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Published March 21, 2012, 11:30 PM

Hot topics: Gender wage gap is higher on Wall Street than anywhere else

For people in financial-sector jobs – such as insurance agents, security sales agents, financial managers and clerks – men outearn women by a wider margin than in any other area of the economy, according to a recent analysis of Census data by Bloomberg News.

By: Source: The Huffington Post, INFORUM

For people in financial-sector jobs – such as insurance agents, security sales agents, financial managers and clerks – men outearn women by a wider margin than in any other area of the economy, according to a recent analysis of Census data by Bloomberg News.

Nationwide, across all occupations, women still earn just 77 cents for every dollar that men make. And in the 265 major job categories measured by the Census, there’s only one – personal care and service workers – where women collect a higher salary than men. Those jobs include positions like butler, valet, house sitter and shoe shiner, Bloomberg reports.

Still, the gap is highest on Wall Street, where women only get between 55 and 62 cents for every dollar their male colleagues earn.

Financial-sector work has grown more and more lucrative in recent decades, and bankers have collected massive paychecks even during the economic downturn of the past four years. But the Bloomberg analysis suggests that the women of Wall Street have to some extent not shared in this prosperity.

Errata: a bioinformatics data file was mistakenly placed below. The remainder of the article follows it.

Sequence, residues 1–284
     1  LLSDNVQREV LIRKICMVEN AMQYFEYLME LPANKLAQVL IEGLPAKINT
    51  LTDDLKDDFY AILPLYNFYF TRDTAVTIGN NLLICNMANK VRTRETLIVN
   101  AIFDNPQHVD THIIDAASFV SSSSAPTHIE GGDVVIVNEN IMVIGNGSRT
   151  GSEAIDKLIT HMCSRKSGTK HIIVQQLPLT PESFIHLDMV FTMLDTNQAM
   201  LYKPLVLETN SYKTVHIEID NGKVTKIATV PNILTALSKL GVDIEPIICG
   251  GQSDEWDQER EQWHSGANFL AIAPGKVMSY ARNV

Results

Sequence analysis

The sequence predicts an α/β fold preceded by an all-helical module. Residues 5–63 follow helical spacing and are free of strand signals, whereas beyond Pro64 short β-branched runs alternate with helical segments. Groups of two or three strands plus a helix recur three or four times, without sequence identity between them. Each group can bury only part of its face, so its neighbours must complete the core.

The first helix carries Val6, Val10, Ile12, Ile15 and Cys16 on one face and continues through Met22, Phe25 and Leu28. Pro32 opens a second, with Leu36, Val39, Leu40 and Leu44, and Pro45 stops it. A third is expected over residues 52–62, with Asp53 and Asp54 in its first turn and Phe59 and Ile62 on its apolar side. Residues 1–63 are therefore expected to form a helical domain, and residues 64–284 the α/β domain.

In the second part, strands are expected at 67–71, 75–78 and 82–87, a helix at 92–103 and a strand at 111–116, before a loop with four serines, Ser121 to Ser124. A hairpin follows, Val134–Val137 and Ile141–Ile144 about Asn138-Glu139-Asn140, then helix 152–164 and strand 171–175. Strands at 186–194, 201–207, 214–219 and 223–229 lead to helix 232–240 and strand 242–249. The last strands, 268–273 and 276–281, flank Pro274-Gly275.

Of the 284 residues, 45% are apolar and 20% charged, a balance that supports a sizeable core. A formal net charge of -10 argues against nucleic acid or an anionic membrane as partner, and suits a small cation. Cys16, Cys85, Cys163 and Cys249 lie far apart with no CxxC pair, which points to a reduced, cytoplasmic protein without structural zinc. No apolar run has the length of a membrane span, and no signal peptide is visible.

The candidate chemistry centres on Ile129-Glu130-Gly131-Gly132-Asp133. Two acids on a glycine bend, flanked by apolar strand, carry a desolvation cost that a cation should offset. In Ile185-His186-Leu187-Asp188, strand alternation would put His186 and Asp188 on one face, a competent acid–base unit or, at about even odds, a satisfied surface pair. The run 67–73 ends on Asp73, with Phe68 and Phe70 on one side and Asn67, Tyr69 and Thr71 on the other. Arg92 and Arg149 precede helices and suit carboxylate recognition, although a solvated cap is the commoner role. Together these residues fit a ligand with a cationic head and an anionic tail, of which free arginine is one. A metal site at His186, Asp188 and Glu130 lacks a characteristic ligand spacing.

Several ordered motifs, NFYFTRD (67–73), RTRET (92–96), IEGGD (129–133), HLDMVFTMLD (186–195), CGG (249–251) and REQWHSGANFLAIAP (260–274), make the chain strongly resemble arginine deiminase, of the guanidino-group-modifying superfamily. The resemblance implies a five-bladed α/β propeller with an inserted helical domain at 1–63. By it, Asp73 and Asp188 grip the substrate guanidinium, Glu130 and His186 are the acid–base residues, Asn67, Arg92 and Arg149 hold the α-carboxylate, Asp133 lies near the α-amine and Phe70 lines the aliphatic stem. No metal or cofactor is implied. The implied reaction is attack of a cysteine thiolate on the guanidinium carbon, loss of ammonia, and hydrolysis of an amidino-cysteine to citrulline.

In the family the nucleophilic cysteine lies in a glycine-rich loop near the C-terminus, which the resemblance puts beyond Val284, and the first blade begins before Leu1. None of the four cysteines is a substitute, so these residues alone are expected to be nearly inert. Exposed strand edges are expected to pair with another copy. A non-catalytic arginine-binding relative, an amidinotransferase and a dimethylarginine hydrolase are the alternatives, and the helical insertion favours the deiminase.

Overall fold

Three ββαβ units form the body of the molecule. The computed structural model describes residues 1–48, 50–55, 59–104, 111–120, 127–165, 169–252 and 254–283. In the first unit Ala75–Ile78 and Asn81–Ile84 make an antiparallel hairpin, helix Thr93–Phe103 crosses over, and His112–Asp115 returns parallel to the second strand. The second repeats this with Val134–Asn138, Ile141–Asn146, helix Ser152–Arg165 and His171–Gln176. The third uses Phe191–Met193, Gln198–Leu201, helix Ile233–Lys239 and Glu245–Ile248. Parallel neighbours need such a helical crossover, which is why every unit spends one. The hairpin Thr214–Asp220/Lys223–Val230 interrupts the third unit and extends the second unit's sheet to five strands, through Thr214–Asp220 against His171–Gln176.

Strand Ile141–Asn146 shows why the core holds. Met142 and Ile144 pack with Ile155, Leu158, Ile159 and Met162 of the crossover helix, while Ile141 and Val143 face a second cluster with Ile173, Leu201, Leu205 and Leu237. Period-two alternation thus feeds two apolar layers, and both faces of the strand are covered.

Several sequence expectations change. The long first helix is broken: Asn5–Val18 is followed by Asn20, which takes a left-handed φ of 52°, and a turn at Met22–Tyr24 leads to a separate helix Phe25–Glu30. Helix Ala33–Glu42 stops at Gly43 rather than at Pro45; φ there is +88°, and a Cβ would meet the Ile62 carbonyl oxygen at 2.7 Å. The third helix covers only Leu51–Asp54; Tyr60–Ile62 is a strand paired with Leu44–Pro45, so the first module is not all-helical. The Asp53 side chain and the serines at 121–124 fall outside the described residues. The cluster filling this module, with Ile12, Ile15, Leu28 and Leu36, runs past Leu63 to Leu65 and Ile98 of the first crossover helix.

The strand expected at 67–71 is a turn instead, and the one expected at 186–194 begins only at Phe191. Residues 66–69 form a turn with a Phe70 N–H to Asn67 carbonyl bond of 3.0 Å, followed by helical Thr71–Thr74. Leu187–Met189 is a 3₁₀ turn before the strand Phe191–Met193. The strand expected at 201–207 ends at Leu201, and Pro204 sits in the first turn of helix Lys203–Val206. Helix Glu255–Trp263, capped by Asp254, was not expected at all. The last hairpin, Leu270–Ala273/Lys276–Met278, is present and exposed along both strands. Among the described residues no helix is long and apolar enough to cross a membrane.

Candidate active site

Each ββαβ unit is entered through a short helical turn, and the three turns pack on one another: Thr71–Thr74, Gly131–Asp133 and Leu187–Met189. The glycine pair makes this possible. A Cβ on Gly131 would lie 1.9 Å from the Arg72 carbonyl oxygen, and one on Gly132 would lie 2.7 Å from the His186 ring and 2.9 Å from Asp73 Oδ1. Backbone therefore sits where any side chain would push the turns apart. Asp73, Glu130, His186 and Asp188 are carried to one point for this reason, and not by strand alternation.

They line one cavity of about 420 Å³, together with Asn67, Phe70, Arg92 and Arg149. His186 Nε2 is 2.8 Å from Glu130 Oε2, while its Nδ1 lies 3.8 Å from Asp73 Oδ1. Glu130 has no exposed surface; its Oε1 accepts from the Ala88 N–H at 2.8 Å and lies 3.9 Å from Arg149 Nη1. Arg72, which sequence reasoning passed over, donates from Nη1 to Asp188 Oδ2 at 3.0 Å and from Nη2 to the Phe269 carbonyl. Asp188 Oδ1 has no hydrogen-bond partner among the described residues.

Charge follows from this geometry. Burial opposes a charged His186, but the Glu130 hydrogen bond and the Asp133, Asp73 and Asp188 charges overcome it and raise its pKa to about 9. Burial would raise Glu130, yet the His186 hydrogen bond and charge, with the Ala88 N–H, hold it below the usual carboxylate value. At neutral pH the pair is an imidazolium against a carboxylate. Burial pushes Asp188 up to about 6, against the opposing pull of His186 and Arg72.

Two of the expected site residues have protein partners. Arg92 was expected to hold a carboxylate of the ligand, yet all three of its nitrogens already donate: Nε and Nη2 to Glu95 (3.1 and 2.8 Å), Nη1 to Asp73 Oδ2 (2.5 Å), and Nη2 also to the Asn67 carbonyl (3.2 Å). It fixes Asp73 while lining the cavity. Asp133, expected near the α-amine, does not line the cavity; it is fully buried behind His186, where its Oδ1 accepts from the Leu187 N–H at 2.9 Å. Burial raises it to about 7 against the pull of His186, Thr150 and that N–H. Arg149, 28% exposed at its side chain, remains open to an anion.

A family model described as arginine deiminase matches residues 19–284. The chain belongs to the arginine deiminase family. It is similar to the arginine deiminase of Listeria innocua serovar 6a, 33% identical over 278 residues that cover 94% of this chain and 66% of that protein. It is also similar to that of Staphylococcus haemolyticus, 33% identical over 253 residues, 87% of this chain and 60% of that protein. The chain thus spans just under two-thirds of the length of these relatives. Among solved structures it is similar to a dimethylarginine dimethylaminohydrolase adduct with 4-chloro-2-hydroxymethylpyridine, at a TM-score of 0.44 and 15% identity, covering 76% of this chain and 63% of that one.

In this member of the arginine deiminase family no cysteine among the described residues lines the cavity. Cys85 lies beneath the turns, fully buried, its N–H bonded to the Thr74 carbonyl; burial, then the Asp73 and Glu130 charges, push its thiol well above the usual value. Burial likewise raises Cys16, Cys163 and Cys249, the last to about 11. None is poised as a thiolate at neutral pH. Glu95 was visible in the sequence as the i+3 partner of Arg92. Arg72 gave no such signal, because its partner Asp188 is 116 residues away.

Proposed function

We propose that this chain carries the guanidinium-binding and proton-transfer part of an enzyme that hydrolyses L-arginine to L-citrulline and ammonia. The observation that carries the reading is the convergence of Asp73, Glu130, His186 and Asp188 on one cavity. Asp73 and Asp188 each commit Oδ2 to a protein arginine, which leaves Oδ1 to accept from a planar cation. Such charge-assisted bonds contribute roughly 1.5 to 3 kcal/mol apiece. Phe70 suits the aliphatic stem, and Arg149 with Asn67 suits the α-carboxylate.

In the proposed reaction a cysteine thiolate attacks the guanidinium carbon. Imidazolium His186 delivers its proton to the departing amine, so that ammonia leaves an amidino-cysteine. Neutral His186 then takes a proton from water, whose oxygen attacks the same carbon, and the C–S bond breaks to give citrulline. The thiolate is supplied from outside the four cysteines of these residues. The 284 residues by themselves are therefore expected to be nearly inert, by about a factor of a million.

The number of women on Wall Street has dropped off since 2000, according to FINS, a Web property of Dow Jones & Company. At the same time, in 2008 and 2009, the number of sexual harassment charges per woman in the financial industry grew higher.

Women often report feeling belittled and marginalized in the male-dominated financial world. FINS reported that some women say they’ve gotten passed over for big bonuses because they don’t socialize with male management as much, and NPR reports that some male bankers are known to talk about visiting strip clubs and even bring prostitutes to the office.

While the gender pay gap on Wall Street is especially striking, the post-recession economy has not been kind in general to women, with men gaining some 768,000 new jobs since mid-2009 even as women lost about 218,000, according to the Pew Research Center.

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